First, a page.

We provide vacuum cast parts also called urethanes casting process. This process is a great way to get a small batch of parts that are indistinguishable from injection molded parts. They can be self coloured and textured in the mold, just like real injection molded parts, but at a fraction of the cost. A range of materials are available, the most popular choice is simulated ABS. These parts can be over-molded with rubber effects. It is possible to mold in thread inserts or other inserts if required. This process is well suited to small batches, in most cases up to and around 100 parts. Accuracy and appearance of parts produced using this process is very good.
Vacuum cast parts are practically indistinguishable from injection molded parts. This process is the best option for batches of complex parts that have not yet been approved for production. Many millions of dollars have gone up in smoke because prototypes were not made first. Vacuum cast parts that are copies of a 3D printed parts which in turn are accurate representations of Inala 3D CAD data, and are a sure fire way to make sure you have got it right before you sign the big tooling contracts. There are a wide range of materials available with different properties, if you would like to know more, please get in touch with us and see what peace of mind costs.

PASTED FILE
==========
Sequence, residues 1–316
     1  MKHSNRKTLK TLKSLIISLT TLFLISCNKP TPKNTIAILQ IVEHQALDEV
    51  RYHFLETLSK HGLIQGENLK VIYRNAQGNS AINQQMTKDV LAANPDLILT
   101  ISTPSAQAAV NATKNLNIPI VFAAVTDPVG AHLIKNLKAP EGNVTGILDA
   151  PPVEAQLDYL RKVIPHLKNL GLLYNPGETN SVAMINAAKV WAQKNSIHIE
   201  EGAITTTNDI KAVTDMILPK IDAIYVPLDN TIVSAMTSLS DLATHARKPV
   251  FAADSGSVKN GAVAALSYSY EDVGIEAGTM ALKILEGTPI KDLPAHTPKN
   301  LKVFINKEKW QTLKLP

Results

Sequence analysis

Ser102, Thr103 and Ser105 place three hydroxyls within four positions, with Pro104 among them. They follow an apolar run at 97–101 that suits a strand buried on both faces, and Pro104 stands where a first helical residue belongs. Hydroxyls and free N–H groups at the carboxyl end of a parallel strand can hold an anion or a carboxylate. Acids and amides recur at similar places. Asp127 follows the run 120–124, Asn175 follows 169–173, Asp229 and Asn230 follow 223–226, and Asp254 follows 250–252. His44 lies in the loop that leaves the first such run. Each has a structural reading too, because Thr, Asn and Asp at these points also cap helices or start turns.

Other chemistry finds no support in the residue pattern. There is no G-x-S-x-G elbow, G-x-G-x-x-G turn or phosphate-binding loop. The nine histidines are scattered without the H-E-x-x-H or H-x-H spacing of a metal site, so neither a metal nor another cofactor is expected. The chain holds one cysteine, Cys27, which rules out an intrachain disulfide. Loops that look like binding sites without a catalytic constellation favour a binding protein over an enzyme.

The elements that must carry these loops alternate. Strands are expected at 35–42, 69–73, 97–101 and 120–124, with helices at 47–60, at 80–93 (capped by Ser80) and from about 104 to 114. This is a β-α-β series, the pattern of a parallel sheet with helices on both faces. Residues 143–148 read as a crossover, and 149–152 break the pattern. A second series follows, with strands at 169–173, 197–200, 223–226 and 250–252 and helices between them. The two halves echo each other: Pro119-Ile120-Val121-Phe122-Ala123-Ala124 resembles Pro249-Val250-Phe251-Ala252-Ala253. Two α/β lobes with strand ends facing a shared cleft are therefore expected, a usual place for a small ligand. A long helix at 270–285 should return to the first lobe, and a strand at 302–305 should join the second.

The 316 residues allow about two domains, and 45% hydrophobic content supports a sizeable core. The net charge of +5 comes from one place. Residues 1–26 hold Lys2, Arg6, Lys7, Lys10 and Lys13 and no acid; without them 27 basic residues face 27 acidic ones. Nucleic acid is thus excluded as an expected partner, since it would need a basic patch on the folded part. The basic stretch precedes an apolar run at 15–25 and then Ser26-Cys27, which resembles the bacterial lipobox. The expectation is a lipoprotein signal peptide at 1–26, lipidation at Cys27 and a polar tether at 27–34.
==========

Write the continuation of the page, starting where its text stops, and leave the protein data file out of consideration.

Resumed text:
We offer a wide range of surface treatment services, including: high polishing and painting on 3D printed parts and vacuum cast parts. We can also vacuum cast material with different colours without applying paint with the aid of the pantone colour code.
Inala was originally known as Boylands Pocket and was used mainly for grazing sheep and later for tobacco growing, however, this was not successful due to the abundance of spear grass in the area. During the 1950s, wild brumbies roamed the area, and were notorious for stealing children's lunches from their school bags while they were in class.
The establishment of the Inala suburb came about following a meeting held in a Brisbane RSL Hall in May 1946. A group of ex-servicemen, led by Harold (Hock) Davis, were seeking affordable accommodation for their families during the post-war housing shortage. The Serviceton Co-operative Society was formed and they purchased 480 hectares of land, which was then divided amongst the shareholders, giving them 800 square metres each. The Queensland Housing Commission later took over the development and a massive construction project began with the calling of tenders for 1000 homes in 1949. Boscrete from South Australia was one of the successful tenderers. They designed and built concrete homes, which were poured on site, the first in Buddelia Street in January 1950. On 25 February 1953 the area was renamed Inala, as there was already a town named Serviceton in South Australia.
Inala is about 14km from Brisbane’s CBD. Over 39% of households in this area are comprised of couples with children, 33% are single parent families and 25% are couples without children. Stand alone houses account for over 91% of dwellings in this area, and units account for a further 4%. Inala has a mixture of housing styles, from older weatherboard cottages through to modern brick and tile structures. There are some lovely wide, leafy streets and many of the gardens are beautifully tended.